_{2}were estimated through a neural network algorithm, confirming the decrease in the diffusion coefficient with the increase of relative humidity (RH) and with the decrease of the w/c ratio [10]. Neural network and genetic programming were used to predict the carbonation coefficient and strength of concrete with a correlation coefficient of 0.90 and higher [11]. ANNs have been used for the analysis of the corrosion of steel in concrete to quantify the chloride diffusion in concrete, and it was found that the predictions given by the NNs were adequate [12,13]. Kewalramani and Gupta [14] conducted a study for the prediction of the compressive strength of concrete, using multiple regression analysis and ANNs. Deep neural network architectures provide capabilities to learn hierarchical features from the dataset while providing a more efficient representation than more classic models, improving the generalisation capability of the models [15]. A study by Brusaferria et al. [16] presented a novel probabilistic method for forecasting day-ahead electricity prices based on Bayesian deep learning and deployed a Bayesian inference framework introducing probability distributions over neural network weights and a Gaussian likelihood function. Bayesian linear regression is seen as a suitable tool to revise and update design codes; e.g., the creep correction coefficients are estimated using Bayesian linear regression [17]. Tesfamariam and Martín-Pérez [18] proposed the implementation of a Bayesian Belief Network model for carbonation-induced corrosion of reinforced concrete, which highlighted the impact of various exposure conditions on the rate of carbonation ingress and the potential for reinforcing steel.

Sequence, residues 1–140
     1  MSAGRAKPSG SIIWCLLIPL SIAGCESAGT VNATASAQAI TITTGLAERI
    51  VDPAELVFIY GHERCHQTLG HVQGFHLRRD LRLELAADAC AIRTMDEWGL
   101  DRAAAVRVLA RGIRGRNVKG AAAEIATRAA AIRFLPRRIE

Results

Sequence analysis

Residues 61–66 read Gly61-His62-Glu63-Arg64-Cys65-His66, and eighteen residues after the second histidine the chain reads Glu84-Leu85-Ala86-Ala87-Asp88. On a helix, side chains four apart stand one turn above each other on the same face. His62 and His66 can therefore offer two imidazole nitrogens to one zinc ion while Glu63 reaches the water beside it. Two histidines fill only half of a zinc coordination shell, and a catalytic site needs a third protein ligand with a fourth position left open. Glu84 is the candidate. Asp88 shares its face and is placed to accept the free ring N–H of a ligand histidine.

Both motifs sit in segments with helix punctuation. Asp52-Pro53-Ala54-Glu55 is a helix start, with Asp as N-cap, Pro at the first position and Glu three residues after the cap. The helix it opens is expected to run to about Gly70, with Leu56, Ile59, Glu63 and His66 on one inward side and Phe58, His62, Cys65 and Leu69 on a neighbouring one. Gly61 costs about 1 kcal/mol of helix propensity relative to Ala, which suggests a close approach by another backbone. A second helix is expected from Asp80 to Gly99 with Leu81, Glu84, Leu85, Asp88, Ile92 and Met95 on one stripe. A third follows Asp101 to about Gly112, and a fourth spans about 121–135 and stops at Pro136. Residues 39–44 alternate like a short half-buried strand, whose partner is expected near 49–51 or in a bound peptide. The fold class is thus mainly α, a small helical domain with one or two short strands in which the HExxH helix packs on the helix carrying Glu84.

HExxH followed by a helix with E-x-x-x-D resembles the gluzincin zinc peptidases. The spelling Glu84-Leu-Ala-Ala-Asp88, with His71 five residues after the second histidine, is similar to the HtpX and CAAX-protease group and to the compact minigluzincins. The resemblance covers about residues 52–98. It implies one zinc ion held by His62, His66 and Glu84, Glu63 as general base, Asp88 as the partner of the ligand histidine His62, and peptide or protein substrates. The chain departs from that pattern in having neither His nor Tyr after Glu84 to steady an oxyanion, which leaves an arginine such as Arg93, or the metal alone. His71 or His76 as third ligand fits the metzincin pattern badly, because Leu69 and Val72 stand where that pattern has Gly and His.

## 2. Tree Based Modelling Techniques

#### 2.1. Model Tree (MT)

#### 2.2. Random Forest (RF)

_{i}), i = 1 …}, where {Θ